Parkinson's disease (PD) is a debilitating disorder resulting in severe motor dysfunction caused by progressive degeneration of the substantia nigra dopaminergic neurons. L-dihydroxyphenylalanine (L-DOPA) therapy alleviates the motor symptoms, however the utility of this agent for chronic treatment is limited due to the occurrence of abnormal involuntary movements known as dyskinesia. An understanding of how L-DOPA modulates signaling pathways in the striatum of PD is important in devising an effective treatment for L-DOPA induced dyskinesia (LID). Among the signaling molecules associated with LID is extracellular signal-regulated kinase/mitogen-activated protein kinase (ERK) whose activation in medium spiny neurons has been associated with induction of LID. Preliminary results from our laboratory have shown that ERK is mainly activated in striatal cholinergic neurons with long-term administration of L-DOPA and is correlated with expression of LID. The objective of the proposed studies is to determine the functional significance of ERK activation in striatal cholinergic neurons with respect to the expression of LID. We will examine this issue in aphakia mice, a genetic model of nigrostriatal degeneration that expresses LID, as well as in established unilateral neurotoxin- lesion based models. The proposed experiments are focused on the following objectives: 1) Correlation of the temporal expression of dyskinesia with ERK activation in striatal cholinergic neurons;2) Characterization of the DA receptor subtype and intracellular signaling pathways linked to L-DOPA-induced ERK activation in striatal cholinergic neurons and medium spiny neurons;and 3) Determining the functional outcome of ERK activation in cholinergic neurons with respect to neuronal excitability and cholinergic phenotypic expression. A better understanding of cell signaling mechanisms involved in LID will facilitate identification of potential targets for the treatment of PD.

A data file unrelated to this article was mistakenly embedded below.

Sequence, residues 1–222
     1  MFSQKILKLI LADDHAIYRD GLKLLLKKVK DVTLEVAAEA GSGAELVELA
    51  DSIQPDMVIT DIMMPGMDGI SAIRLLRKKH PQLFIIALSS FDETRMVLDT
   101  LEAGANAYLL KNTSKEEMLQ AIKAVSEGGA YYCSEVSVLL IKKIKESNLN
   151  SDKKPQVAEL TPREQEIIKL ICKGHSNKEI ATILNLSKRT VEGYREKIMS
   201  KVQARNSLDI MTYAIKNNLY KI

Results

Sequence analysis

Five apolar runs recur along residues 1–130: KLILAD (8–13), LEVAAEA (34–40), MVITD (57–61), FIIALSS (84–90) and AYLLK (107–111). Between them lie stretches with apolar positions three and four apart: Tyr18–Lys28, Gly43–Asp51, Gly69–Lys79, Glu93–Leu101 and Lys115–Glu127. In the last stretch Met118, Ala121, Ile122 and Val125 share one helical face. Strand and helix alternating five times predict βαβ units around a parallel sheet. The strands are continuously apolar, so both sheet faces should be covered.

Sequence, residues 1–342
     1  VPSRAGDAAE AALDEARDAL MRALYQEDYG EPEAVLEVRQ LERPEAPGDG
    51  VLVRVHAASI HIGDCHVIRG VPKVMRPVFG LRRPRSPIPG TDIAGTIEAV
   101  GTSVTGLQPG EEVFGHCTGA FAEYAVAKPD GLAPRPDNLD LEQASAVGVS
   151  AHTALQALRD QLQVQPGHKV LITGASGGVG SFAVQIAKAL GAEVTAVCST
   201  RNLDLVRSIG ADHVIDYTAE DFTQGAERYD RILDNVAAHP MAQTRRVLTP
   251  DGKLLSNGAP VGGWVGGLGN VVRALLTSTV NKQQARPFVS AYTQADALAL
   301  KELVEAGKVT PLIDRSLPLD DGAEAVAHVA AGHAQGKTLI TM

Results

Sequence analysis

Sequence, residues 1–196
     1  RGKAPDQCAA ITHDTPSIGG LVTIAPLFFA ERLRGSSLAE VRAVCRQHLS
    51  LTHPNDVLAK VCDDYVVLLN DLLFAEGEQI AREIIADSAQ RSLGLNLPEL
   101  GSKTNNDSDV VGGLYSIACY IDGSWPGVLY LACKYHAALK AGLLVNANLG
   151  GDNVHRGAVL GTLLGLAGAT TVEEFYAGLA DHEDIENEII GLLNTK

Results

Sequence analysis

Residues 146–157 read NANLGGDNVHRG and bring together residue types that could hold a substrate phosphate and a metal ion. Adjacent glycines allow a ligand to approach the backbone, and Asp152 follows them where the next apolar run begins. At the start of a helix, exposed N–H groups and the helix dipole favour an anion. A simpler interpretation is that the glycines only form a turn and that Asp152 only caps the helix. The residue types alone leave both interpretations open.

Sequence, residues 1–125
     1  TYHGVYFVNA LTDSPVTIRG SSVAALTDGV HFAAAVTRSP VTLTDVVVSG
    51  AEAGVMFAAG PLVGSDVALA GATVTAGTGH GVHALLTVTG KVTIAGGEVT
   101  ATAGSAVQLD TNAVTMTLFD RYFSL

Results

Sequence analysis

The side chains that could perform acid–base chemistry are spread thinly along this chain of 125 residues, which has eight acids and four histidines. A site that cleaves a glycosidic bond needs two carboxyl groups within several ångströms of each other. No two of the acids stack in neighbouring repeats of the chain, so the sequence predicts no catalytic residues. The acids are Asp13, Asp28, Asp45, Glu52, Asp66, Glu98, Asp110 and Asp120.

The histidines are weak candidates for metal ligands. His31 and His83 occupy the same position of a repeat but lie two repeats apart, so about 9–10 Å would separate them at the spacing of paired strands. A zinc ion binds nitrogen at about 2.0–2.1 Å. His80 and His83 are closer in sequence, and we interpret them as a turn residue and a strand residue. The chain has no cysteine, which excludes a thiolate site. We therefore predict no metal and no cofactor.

L-DOPA is the most efficacious drug therapy for Parkinson's disease (PD), but chronic administration of this drug leads to debilitating abnormal involuntary movements known as dyskinesia. Establishment of experimental models which can mimic the cellular and behavioral processes underlying PD and the development of L-DOPA-induced dyskinesia are important for developing alternative efficacious therapies without unwanted dyskinetic side effects. The research proposed here will provide insight with respect to cell signaling mechanisms involved in dyskinesia behavior and will facilitate identification of potential targets for the treatment of PD.
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